Basically, weigh the opportunities presented to you, but as a general rule, say yes when something presents itself to you, whether that's playing a show, giving an interview or helping a buddy out. One part of making it in the industry is talent, but an even bigger part is putting yourself in the right places at the right time, and since you don't know exactly when that will be, consider every time an opportunity to be the right one. This is the attitude you want to have. If you're talented, it will be worlds easier to meet the right people to know, but no matter what, socializing with people who share your musical interests, tastes or specialties will more likely open up wellsprings of opportunity in perhaps unanticipated directions. This is the part that can't be taught because the universe will shower its blessings as it sees fit, but it won't hurt to make yourself more available for that possibility! Not to mention, collaborating with others will serve the intrinsic purpose of stimulating creativity.
And also, don't be an asshole. Hollywood may paint the picture of being overrun with fearsome lions, but you want to build good relationships, not walk around like God's gift to the music industry. Good character is as important here as anywhere else, and you want people to want to work with you. That doesn't mean be a pushover or a kiss-ass; just treat people with respect.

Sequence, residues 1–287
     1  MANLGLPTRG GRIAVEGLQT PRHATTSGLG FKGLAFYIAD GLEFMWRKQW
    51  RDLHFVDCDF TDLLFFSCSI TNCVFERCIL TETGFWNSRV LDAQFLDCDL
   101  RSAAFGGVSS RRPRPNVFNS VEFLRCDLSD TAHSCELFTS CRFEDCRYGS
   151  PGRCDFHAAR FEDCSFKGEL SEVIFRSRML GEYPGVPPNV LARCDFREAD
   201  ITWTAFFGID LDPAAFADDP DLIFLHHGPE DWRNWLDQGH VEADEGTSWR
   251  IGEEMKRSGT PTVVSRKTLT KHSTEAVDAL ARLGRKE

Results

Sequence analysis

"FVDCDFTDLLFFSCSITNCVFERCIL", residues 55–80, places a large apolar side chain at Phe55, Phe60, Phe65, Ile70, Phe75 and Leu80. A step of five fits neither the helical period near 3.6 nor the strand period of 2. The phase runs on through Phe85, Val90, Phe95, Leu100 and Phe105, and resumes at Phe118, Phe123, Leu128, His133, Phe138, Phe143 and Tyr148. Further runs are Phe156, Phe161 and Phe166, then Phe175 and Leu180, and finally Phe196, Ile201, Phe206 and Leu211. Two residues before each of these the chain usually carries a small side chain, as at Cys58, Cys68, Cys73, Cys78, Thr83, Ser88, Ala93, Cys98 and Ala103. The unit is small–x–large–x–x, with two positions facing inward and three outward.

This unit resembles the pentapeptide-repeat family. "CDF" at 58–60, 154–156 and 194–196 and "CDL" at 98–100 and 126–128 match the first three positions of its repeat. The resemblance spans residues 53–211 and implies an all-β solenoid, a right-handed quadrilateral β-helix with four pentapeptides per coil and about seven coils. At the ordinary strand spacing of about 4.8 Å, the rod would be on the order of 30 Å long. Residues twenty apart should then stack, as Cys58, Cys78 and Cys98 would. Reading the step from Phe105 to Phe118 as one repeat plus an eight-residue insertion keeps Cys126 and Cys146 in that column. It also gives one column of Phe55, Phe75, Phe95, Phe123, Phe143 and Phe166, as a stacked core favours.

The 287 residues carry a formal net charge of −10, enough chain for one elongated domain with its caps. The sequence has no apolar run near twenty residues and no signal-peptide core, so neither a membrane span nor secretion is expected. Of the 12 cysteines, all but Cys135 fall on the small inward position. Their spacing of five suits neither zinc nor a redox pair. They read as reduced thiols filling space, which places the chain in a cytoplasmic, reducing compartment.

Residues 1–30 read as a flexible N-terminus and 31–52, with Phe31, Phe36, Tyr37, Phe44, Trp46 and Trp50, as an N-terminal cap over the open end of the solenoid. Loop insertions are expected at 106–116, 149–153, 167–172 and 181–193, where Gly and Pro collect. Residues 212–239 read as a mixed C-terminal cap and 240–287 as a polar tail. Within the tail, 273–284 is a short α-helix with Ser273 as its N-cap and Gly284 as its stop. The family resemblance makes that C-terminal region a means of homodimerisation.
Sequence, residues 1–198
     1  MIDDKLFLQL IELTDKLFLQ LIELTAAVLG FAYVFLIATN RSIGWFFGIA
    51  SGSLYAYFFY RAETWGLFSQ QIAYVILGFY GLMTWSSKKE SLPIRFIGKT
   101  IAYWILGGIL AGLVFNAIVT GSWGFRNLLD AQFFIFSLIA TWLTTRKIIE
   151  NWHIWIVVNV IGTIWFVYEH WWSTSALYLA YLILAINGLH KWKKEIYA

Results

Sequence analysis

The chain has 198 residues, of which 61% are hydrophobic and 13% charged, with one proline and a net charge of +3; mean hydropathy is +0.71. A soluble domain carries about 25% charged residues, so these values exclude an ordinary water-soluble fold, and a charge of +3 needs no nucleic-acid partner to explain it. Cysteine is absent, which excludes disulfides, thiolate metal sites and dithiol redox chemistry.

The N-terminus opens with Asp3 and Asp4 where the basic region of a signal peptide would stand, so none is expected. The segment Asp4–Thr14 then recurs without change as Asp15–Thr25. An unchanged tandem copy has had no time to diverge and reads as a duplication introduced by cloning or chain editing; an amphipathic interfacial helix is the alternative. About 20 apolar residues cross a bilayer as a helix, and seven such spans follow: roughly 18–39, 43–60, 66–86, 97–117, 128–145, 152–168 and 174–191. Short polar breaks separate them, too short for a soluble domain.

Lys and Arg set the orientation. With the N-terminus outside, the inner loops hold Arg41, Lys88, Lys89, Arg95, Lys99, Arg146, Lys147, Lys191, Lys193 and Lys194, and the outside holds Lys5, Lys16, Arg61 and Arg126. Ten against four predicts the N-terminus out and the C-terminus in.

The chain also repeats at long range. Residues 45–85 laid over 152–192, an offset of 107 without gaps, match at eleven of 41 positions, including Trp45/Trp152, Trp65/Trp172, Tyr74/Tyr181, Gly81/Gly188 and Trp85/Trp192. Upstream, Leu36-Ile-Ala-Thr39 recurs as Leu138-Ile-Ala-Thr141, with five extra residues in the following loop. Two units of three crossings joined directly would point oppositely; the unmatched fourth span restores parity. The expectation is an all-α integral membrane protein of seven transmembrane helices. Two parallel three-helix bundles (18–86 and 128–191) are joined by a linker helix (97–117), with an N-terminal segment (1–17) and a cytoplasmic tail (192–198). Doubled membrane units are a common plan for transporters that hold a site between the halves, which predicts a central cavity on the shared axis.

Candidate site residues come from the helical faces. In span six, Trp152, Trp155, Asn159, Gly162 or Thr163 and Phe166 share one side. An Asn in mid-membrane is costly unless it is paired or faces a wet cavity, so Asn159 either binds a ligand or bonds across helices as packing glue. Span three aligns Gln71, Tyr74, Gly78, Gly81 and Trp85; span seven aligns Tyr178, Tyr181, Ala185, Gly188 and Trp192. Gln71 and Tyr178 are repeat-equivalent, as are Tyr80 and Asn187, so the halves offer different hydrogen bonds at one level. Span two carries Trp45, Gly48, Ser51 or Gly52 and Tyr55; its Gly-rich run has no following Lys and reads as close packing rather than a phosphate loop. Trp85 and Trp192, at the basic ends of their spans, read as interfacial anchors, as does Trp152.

So, networking is virtually synonymous with the music business, especially amidst a climate of increased social media, heightened internet presence and the floods of people trying to make their mark. This is where the behind-the-scenes magic comes into play. Marketing agents, publicists, merchandise designers, managers, copyright lawyers, music business attorneys and music journalists are only a handful of the various jobs out there for those who want to take on the more technical or organizational aspects of the business. And these are the people musicians will want to know. These jobs are no less important than playing for the crowd, and in fact these people do play for the crowd, just in mostly unseen ways. The perks, aside from a hefty salary if you make it in, are that if you love music, you will be constantly surrounded by the names in the game, maybe even working closely with some really talented artists.
The options for management or marketing in the music business are as endless as in any business, encompassing administration to accounting to technical programming. To obtain most of these jobs, a body of expertise will be required, so considering a school that offers online business courses, sales, production or technology degrees may aide in jumpstarting a career in the business side of the music industry. As an example of one career path, a publicist's duties include the advertising, promotion and coordination of events, gigs, and tours, raking in around $80,000 per year, perfect for someone who loves to plan events. Selling merchandise is a good source of revenue for bands to promote themselves, so a merchandise designer might be needed as a part of the promoting and advertising team - a little more creative side of the marketing game.